Koitsu, Thanks for your detailed postings and chronology of events! A story like this gives me hope that maybe my issue will someday be fixed. I think a key difference is that you actually have a real inside contact that was able to push the issue. From what I've seen here in NJ using normal escalations processes for mere mortals is slow, inconsistent, and quite possibly a waste of time. Furthermore, providing details (like SNR) to most techs seem to be a waste of breath -- they're only interested in what they see on their meters at that exact moment. *sigh* Good luck and keep accounting and sharing the story!

Mountain View, CA
You're welcome. As far as getting an "inside contact", that happened through strange/bizarre means in itself. Details are here (first part):

»Re: What to do about 11 weeks of node/network problems?

What I can't figure out is if this Comcast manager really was calling people along my street or if it was the result of a VM I left someone else at Comcast stating that I was basically at the end of my rope + I felt like the only choice I had left was to send a letter (along with a diary which I've been keeping of all the events from day one) to the CEO.

If you're struggling though, HeadendJoe recommended contacting your LFA (local franchise authority) -- particularly if there's a widespread issue affecting citizens in an area, or "plant issues". The address/phone of your LFA is printed on your bill (on paper or digitally/PDF available via the Comcast site).

The bottom line is that customers should not have to go through this kind of rigmarole to get something fixed. The only outlet that people know of is 800-COMCAST, and all the CSRs can send out are standard service technicians (who are the ones who have to make the call on whether or not to send a CR (case/ticket) to network, if the issue is a cable network issue). And even if it makes it to network, there's absolutely zero communication with the customer from that point forward -- so if the issue persists, the customer has no idea what to do, calls 800-COMCAST again, schedules another service tech visit, rinse lather repeat. This system is just downright broken, and it's been like this for at least 10 years. It doesn't work.
Making life hard for others since 1977.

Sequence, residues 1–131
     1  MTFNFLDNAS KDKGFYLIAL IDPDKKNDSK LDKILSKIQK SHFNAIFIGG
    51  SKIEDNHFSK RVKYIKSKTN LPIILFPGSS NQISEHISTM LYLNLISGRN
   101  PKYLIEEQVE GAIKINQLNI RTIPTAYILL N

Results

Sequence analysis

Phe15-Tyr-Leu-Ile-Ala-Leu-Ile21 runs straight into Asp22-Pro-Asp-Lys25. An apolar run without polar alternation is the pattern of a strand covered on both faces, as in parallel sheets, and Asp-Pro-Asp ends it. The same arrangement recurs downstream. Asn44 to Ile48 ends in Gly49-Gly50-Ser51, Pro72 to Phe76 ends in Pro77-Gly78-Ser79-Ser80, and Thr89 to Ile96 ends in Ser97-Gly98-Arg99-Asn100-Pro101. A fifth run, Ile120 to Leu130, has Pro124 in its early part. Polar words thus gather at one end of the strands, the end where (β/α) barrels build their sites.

I speak for myself and not my employer/affiliates of my employer.


Welcome to my fun...

I have an issue that 2-3 times a night my modem reboots, Upstream SNR dips below 29. Downstream SNR great, 42, power levels are good with the use of forward path attenuator.

I have maint sup direct cell phone and he has me on monitoring and sees the drop every night. His direct reports I have they cell phone also and they have seen it and it's the entire node but it is so quick and random on the time (beyond it being at night) they can't figure it out.

Sucks. Something is causing noise but only for a moment every night at a different time.

I feel bad, I am a pain in the butt customer but I am paying for service I want. They are trying but is a crappy situation. When issue is random and happens for a minute tops no way to catch it to track it because it's a different time every day.

Mountain View, CA
AnonMan, that situation is indeed crummy. Due to the highly intermittent nature tracking it down (to a specific cable/area of the node) sounds very difficult and time consuming. On the other hand, if it's happening on the entire node, that means more than just you is impacted -- bringing this up with your LFA may be the next step for you. Node-level issues I think are given more attention than individual customer issues.

Also, I've been told by both the Network Engineering Supervisor as well as the network/maint tech who was out here, that Comcast does have a "history view" for SNR levels on a per-channel basis (including support for bonding), so they should be able to see it there. Meaning, they have something similar to what I provide here (from my own modem) but probably with less granularity (I poll every 2 minutes): »jdc.koitsu.org/snrgraph/ -- I know Comcast having that information doesn't help narrow down where on the cable network/segment the problem lies, but it would act as evidence (for your LFA) that Comcast acknowledges there's a problem affecting multiple people on your node.
Making life hard for others since 1977.
I speak for myself and not my employer/affiliates of my employer.


Bellevue, WA

1 recommendation

Yes, the system is called scout monitor and shows the history and real time data for each STB & modem for every customer. The other system, which I like better, is called Watch Tower. Much more detailed analysis of the relationship between the customer's equipment & the CMTS/Narrowcast. Other nice thing about watch tower is that techs can submit notes when they troubleshoot that node and those notes are visible to anyone troubleshooting your node in the future. Other field tool the techs can use to monitor the signal from your node is Pathtrack which shows a virtual representation of the return signal so they can see a quick visual of noise, carrier problems, etc and take snapshots of any problems at any interval. They can also call in to the headend and have them turn up the return sweep. The techs sweep that node segment and can determine issues. Many, many tools out there, but, all the tools can do is tell the tech there is a problem, not how, where, or why.